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Predators in Direct and Private Messages

Yesterday I tweeted this:

So this is pretty f’d up. Everytime I post something emotional or show I’m vulnerable or struggling my DM’s explode with sliders. Men…stop fucking doing this! Your dick doesn’t look more appealing to me when I’m crying! And it’s not an invitation to get off on my sadness! by K_ghislaine

And I am astounded by the response I received from it.  In fact, I have to say that this has been my most influential post to date, far exceeding the occasional cleavage or sexy picture.  And that tells me that this topic requires more discussion.  Especially after I received a message from a guy who was genuinely shocked I posted this, and asked what men are even allowed to do or say in this #metoo charged environment.  He honestly felt that no interaction was safe anymore and was feeling stifled by the recent changes in response from women.

Ok, let’s talk about this.  9 or so years ago, I was seduced by a private message.  And it was so hot!  Within a few hours of the initial message, this guy was on my doorstep for what was to become a very regular and incredible booty call buddy.  He opened with a sexy tease, I responded in kind, and the flirtation ramped up exceedingly quickly.  He was the first guy who randomly messaged me and was in my bed that day.  Totally success case, and an inspiration to men everywhere right?  But here’s the thing, that’s not the whole story.  There were a few key things that occurred prior to this message that ensured its success for the both of us.

First, we were already friends.  Yup, that whole friendzone thing is bullshit in my opinion and maybe I will touch on that in a future post.  For now though, we had established a bit of a rapport and some trust.  To be clear, we had never flirted previously, we were truly, just friends.  Second thing that happened, I posted online that I was lonely and looking to have a little fun.  Yes, that’s right, I playfully put my intentions out there, I opened the door to have someone on my friends list message me, and take the bait.  I gave consent and permission to be flirted with using my words.  I used more than just a sexy picture (are you seeing a pattern forming yet?).  And thirdly, he was a emotionally stable and mature man, who was playful and listened to all my boundaries without any push-back or manipulation.  It was a fully consensual pairing that turned into something incredibly hot and satisfying.  And looking back, this was actually more like a 1 in 100 success rate for me, perhaps even closer to 1 in 1000.

With that story in mind, let’s get back to my tweet that started this post.  I have been struggling as of late with where I want my future career to take me.  And it sometimes feels good to just vent a little, especially on twitter because I really appreciate all the people that I interact with, and their perspectives.  I feel better just putting some words out into the universe.  It helps focus me, and well, it’s why I blog.  So on Sunday, I did just that, I wrote a little tweet stating that I was having a rough time, and I was hopeful that Monday would be better.  And publicly, there was a lot of love.  But privately, some men showed their disturbing colours.  And it sucked having my vulnerability preyed on like that.  And I do not want to mince words here, what those two men specifically did was predatory.  Offering me a kind ear, getting me smiling and then rapidly ramping up their sexual intentions without any warning or any previous DM history.  And I, like so many women who responded to my tweet were outraged.  Doing that, is NOT OK.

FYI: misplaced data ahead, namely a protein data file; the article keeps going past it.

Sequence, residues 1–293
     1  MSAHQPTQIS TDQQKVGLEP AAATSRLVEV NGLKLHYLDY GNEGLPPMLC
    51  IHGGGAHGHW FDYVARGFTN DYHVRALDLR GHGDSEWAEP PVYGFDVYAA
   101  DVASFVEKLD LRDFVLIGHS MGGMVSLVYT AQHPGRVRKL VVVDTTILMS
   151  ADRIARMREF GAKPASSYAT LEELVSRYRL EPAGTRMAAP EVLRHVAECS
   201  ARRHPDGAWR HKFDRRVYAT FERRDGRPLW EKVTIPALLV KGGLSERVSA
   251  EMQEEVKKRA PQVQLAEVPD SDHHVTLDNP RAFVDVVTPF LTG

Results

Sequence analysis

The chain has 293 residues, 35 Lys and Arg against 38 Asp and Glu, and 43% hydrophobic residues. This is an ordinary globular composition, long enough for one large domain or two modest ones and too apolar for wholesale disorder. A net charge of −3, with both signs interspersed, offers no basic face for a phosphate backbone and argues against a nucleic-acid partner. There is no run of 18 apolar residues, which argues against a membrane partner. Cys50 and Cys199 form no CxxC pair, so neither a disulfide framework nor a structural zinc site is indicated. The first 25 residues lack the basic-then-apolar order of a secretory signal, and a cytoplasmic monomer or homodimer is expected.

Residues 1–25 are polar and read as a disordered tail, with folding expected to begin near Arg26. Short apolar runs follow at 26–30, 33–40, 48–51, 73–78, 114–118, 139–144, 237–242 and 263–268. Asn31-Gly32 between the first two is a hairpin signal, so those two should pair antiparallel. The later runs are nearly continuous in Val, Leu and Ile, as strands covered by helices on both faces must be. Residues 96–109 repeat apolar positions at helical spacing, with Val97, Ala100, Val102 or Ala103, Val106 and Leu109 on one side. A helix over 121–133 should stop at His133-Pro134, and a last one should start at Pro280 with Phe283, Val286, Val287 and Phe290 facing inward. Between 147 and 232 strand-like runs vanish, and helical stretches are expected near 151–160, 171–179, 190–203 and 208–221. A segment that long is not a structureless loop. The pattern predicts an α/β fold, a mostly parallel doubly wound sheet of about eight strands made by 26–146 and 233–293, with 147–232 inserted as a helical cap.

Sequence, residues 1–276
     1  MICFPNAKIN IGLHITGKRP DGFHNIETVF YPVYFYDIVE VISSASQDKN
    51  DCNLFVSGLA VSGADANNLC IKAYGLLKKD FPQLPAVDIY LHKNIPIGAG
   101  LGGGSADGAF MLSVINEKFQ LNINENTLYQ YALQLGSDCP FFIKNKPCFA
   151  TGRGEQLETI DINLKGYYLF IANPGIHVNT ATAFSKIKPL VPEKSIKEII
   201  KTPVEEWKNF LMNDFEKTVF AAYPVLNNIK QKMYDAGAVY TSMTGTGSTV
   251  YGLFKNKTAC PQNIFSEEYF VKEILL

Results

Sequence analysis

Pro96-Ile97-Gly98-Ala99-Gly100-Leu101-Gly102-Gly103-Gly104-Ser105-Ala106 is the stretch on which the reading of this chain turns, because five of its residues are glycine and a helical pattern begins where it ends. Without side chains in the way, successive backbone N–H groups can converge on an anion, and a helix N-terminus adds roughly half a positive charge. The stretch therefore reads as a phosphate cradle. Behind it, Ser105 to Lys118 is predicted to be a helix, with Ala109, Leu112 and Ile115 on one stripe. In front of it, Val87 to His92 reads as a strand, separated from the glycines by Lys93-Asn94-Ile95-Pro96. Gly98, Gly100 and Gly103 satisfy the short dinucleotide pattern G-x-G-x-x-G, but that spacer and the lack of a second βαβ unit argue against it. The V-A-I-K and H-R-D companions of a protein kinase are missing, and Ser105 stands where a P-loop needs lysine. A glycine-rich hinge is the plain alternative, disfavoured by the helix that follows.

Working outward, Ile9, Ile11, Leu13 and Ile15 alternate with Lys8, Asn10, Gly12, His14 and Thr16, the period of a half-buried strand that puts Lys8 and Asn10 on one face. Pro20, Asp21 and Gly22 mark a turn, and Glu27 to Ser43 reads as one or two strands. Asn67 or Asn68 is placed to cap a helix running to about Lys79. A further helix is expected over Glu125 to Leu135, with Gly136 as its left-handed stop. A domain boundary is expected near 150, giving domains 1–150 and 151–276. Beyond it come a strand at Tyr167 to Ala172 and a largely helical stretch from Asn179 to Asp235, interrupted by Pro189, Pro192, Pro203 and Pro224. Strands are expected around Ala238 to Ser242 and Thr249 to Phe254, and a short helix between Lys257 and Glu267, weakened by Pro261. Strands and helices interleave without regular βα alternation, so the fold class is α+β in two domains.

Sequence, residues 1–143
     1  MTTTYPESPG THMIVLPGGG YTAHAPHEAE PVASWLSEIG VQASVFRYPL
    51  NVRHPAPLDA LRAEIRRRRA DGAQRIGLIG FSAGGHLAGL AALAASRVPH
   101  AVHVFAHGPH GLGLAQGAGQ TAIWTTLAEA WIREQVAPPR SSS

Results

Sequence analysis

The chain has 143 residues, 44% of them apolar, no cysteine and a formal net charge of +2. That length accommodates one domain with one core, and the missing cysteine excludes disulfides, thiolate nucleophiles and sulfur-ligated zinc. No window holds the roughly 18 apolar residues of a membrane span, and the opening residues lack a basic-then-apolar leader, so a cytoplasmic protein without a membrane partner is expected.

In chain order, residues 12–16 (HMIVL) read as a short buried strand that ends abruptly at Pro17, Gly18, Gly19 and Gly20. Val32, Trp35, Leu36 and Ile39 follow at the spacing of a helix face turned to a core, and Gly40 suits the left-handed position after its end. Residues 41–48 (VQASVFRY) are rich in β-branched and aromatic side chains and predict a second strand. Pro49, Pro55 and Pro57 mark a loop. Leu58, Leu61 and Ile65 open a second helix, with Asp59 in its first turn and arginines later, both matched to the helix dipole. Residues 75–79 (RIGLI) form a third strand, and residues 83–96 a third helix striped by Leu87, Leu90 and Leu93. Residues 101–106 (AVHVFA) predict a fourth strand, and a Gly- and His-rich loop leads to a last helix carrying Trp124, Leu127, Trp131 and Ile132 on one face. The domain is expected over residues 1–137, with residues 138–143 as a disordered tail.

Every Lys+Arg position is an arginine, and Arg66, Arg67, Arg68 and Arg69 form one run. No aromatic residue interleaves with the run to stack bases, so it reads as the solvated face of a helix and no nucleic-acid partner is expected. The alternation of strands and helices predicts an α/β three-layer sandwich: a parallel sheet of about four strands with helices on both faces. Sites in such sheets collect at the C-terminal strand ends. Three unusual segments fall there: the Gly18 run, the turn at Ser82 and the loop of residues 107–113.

And guess what?  We as past victims, are onto you.  We are onto you all!  Being empathetic or sympathetic does not give you the right to proceed with your ulterior motives.  That is not consent on our parts, and we are tired of feeling weak for showing our emotional vulnerabilities and getting sexually propositioned as a result.  If I want sexual interaction I will ask for it.  And crying is not asking for it by any insane stretch of the imagination.

That being said, let me get back to the guys concern that he no longer knows how to treat women. To that, I say good.  Stop what you’ve always done in the past, and listen to the women you approach.  Watch their body language, listen to their words and ask for feedback.  Do better as a whole.  If you have always had positive “hell yes I want to sleep with you” or “OMG I love when you touch me” then guess what, what you’re doing is most likely amazing.  But, if you have ever felt a lukewarm reception to your advances, or heard the word no, or even just uncertainty, it’s time to stop and check yourself.  And as I am completely honest, I will fully admit that when I was younger, I never asked permission to touch men or women.  I lived by the assumption that every person I touched would be flattered that a decent looking female was touching them.  But you know what?  I grew up.  I realized that I preferred a fully consensual yes you absolutely can touch me, to the initial shocked and often uncomfortable looks I would get in my early 20’s.  It’s hotter for me not having uncertainty in interaction.  I can be so much more intimate and intense that way.  And guess what?  You can too!